ON-Lion Letter

The U.S. Congress "is currently considering tax extenders, the renewal of expiring or recently expired tax provisions," begins a July paper from the Tax Foundation in Washington, D.C.  "Among the provisions is 50 percent bonus expensing, otherwise known as bonus depreciation.  The extender provision passed by the House Ways and Means Committee, currently under consideration by the whole House of Representatives, would make 50 percent bonus expensing a permanent feature of the U.S. cost recovery system."

The paper was researched and written by Stephen J. Entin and Michael Schuyler, both of whom are fellows at the Tax Foundation, which is supported by The Lynde and Harry Bradley Foundation in Milwaukee.

"Fifty percent bonus expensing allows businesses to immediately write off, or expense, half of their investment in equipment and short-lived structures (assets with twenty year lives or less)," according to Entin and Schuyler.  "It does not apply to commercial and residential buildings or factories.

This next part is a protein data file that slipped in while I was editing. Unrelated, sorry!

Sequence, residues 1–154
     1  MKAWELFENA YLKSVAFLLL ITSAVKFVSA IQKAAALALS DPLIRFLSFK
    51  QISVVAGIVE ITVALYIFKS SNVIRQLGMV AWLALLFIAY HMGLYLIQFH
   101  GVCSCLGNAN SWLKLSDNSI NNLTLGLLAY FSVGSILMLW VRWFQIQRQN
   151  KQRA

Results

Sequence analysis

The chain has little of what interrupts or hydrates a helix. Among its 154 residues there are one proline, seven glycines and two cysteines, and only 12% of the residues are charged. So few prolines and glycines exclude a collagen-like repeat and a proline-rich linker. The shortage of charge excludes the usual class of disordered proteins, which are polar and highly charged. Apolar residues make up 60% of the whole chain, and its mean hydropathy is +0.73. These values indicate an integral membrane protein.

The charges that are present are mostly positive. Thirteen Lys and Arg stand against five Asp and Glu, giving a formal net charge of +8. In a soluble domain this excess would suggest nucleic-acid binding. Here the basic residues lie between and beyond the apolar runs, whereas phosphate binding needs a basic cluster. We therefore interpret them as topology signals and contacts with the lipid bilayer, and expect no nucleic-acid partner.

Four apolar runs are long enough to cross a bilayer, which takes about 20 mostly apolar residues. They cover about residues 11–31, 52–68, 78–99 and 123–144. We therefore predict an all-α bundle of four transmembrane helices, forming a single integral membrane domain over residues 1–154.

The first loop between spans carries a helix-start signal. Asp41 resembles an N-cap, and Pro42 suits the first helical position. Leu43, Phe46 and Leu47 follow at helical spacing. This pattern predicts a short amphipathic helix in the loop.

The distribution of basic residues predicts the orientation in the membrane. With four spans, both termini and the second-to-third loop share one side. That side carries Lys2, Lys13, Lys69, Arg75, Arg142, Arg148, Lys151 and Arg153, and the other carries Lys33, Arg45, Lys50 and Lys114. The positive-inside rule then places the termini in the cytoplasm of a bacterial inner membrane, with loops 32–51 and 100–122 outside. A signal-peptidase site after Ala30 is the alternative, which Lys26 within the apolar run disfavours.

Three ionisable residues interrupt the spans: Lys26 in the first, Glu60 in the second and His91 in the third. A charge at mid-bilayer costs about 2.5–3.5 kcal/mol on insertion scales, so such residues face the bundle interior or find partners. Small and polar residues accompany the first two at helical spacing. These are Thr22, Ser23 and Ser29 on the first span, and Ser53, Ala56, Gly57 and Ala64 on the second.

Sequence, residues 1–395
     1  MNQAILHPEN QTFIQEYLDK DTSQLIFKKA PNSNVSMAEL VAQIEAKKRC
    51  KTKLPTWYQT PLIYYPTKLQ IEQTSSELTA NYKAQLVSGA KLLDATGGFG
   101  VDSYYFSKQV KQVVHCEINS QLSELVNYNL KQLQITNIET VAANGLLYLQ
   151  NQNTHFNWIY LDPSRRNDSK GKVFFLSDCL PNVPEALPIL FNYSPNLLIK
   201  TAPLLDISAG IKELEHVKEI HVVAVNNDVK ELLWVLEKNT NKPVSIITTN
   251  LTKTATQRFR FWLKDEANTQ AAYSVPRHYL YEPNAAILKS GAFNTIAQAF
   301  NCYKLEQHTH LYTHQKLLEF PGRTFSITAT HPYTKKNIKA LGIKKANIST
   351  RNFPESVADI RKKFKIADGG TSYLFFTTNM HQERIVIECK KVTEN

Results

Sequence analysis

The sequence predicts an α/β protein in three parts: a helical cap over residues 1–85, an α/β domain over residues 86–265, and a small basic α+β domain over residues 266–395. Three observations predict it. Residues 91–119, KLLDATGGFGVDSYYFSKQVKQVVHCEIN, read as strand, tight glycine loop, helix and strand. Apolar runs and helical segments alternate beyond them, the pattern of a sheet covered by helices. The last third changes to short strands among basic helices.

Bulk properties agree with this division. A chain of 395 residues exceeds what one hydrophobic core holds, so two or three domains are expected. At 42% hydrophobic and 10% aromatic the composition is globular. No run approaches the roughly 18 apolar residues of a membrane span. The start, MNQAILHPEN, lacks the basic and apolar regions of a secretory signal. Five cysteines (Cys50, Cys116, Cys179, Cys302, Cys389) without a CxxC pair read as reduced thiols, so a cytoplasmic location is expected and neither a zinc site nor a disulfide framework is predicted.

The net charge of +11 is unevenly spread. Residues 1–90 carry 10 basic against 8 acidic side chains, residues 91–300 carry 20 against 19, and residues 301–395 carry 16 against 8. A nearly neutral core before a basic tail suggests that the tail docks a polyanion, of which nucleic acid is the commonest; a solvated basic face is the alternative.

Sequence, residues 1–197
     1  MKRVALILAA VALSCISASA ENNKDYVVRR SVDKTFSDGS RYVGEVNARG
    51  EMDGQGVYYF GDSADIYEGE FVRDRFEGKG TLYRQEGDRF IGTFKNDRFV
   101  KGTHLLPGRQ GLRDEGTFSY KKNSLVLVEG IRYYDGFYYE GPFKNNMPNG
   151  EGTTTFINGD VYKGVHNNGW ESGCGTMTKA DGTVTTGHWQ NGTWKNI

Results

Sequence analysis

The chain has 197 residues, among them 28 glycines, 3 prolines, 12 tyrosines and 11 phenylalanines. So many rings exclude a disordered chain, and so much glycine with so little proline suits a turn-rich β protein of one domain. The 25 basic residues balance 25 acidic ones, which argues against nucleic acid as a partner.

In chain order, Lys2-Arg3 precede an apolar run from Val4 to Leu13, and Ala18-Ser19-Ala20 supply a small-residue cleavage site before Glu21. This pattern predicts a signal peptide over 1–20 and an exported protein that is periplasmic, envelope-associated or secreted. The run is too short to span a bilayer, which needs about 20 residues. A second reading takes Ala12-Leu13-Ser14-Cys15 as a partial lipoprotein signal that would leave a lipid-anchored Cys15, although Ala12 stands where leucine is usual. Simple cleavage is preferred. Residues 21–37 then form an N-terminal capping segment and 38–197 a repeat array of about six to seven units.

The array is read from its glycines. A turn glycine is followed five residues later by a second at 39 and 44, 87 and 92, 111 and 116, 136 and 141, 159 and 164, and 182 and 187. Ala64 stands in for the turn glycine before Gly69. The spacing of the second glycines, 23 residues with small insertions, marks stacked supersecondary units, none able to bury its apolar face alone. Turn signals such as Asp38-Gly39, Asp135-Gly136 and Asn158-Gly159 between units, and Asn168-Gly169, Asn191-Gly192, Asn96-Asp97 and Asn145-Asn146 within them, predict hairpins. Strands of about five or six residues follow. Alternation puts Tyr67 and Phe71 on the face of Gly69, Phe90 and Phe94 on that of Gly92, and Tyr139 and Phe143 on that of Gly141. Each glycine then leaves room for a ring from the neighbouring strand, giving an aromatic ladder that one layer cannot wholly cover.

"Bonus expensing moves the timing of depreciation write-offs closer to the time of purchase," they continue.  "This brings the write-offs closer to the full value of the cost of the investment, reducing the after-tax cost of acquiring capital assets and moving the tax treatment of cost recovery toward tax neutrality (when taxes fall with equal impact on income used for investment or consumption).

"If made permanent, bonus expensing would induce firms to acquire and maintain a larger stock of equipment.  The added capital would expand domestic production, raise productivity and wages, and increase employment."

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